So, if you are looking to catch a new flick in the theaters this weekend, you can either look to the heavens or go to Hell. Seriously.
On the high end of the spectrum is Pixar's latest computer animated feature, UP. UP is the first PG rated Pixar film since The Incredibles in 1994, which is a good sign that the movie might be more than goofy toddler pandering.
Some people find it hard to bad mouth kid's films. I myself find it even harder to bad mouth kid's
Image by _heather_r_ via Flickrfilms featuring a curmudgeonly misanthropic old man in the heroic roll. Actually casting curmudgeonly misanthropic old Ed Asner to do the voice is truly inspired. Finally, an animated feature without Ray Romano's irritating whine. Just think of Grumpy Old Men meets The Goonies. Who can say no to that?
I have very specific rules when it comes to animated features, and none of them are very rational. One of these is that I do my best to avoid cartoons in which animals speak. Up's technologically jacked up dog (aptly named Dug) threatens to break this rule, but I'm willing to give him a pass since it is his translating collar that does the talking, not him.
Now, if you rather take the low road, you'll end up asking the annoyed teen in the ticket booth to Drag Me to Hell, Sam Raimi's unrequested return to the horror genre.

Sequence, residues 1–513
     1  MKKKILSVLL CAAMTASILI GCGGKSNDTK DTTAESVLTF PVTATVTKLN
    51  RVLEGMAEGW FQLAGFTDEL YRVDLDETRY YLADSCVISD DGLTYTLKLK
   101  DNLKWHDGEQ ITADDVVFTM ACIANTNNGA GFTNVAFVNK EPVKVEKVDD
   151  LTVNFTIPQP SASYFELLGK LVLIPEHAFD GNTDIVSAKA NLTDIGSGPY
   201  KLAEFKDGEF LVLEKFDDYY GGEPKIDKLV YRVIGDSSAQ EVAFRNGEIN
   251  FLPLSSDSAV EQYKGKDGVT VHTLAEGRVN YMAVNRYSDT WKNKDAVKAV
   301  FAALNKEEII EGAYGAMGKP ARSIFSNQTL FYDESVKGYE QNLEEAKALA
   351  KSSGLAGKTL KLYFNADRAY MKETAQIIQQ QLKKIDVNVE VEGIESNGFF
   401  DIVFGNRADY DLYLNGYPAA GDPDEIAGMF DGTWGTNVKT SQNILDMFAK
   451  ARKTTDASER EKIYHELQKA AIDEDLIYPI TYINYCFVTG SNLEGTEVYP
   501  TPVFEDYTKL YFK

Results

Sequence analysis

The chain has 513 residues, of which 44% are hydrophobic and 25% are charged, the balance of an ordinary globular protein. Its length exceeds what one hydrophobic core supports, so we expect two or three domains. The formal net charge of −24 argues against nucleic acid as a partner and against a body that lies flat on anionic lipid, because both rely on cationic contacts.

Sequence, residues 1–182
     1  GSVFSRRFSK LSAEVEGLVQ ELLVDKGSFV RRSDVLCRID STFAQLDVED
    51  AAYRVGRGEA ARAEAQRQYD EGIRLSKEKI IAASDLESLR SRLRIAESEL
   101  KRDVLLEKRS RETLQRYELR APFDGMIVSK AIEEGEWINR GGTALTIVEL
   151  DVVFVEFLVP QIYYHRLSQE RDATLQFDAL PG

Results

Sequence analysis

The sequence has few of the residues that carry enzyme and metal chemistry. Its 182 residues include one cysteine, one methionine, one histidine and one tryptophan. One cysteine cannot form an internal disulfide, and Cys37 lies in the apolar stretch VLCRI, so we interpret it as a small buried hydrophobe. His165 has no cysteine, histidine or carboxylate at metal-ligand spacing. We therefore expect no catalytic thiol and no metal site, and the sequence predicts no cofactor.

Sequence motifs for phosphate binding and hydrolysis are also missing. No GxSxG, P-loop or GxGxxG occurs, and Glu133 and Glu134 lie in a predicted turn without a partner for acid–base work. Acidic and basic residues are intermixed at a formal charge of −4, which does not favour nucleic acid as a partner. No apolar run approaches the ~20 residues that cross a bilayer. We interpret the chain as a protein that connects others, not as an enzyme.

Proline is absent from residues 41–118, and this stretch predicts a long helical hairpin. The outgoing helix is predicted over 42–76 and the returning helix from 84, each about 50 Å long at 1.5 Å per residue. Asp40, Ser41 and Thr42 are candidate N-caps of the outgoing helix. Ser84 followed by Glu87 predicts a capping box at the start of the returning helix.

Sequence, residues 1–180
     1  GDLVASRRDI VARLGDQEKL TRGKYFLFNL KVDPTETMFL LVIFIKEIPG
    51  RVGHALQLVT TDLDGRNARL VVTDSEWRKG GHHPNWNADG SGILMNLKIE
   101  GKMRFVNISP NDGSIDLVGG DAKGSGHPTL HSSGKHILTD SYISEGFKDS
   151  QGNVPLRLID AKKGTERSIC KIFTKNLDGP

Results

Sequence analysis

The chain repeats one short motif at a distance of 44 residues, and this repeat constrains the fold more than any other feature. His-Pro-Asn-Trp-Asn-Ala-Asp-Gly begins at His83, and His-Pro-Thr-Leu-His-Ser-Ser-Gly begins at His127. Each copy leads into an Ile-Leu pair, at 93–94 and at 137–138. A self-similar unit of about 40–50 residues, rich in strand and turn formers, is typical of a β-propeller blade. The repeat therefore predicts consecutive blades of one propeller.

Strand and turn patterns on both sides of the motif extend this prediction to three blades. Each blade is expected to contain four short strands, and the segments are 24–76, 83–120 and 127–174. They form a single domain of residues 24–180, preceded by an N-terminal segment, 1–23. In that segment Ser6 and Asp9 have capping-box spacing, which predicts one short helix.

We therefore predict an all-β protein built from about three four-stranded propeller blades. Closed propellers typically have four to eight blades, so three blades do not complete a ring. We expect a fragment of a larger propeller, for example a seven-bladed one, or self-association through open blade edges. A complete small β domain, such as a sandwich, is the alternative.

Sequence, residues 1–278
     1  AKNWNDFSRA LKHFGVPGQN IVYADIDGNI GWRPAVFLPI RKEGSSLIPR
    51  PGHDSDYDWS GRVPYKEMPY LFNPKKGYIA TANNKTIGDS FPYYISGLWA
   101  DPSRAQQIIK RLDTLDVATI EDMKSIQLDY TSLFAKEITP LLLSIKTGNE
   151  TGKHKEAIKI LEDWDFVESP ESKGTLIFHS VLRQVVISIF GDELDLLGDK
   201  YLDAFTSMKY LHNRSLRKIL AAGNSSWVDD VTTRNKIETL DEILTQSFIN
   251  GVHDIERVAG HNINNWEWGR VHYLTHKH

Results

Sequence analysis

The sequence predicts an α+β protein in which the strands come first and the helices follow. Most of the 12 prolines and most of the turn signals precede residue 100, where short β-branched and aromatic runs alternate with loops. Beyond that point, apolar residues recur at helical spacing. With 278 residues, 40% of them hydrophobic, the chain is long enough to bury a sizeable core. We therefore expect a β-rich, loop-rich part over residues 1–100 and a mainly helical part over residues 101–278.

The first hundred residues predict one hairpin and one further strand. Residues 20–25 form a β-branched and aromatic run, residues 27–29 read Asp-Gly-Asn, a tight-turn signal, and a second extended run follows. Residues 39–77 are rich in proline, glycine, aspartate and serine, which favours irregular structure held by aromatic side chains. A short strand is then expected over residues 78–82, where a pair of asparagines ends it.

Don't get me wrong; I'm a huge Raimi fan. But he's been doing so well with mega-budgeted superhero flicks that you have to wonder why he's want to take a step backwards into the schlock he struggled to make a career out of in the old days. I love the Evil Dead series, and even Darkman. But as we are fond of saying here as TMS!, a film isn't good just because you like it.
Image via Wikipedia
Based on a screenplay written by Sam and Ivan after Army of Darkness back in 1992, Drag Me to Hell feels like a late '90s horror film. Then again, almost all ghost-curse-possession films these days feel like late '90s horror films. As much as I love horror films, its hard to feel any sympathy for people stupid enough to stay in a house five minutes after they've discovered that it even might be haunted.
Drag Me to Hell doesn't deal with a haunted house. Instead, the source of pain and agony for our young attractive heroine is a good old fashioned Gypsy Curse. The problem is, sympathy is still hard to come by.I'm not quite sure what was going through Raimi's brain. With today's economic climate, fueled by hatred of the greedy banks that managed to suck everybody dry before asking for government bailouts to help pay the bills, one wonders why he would make the main character played by Alison Lohman (filling in for Ellen Page) a bank teller. Even worse, she becomes the recipient of her demonic death sentence after the elderly woman she tries to evict from her home casts some major voodoo on her. After that, with this heartless bitch and her idiot boyfriend (Justin Long, desperately trying to be more than That Guy in the Mac Commercials) trying to save her hide, I've got nothing to do but root for the Gypsy Curse. Seems like a waste of time, if you ask me.
And for all of you old school Raimi fans; sorry, no Bruce Campbell guest appearance in this one. He was too busy working on Burn Notice to swing by for a day. So there you go, yet another reason to give this puppy a pass.
So there you have it. Kid's film or horror flick. Some choice, eh? Choose wisely, for the next choice might be your last. Well, it probably won't. But it sure sounded cool, eh?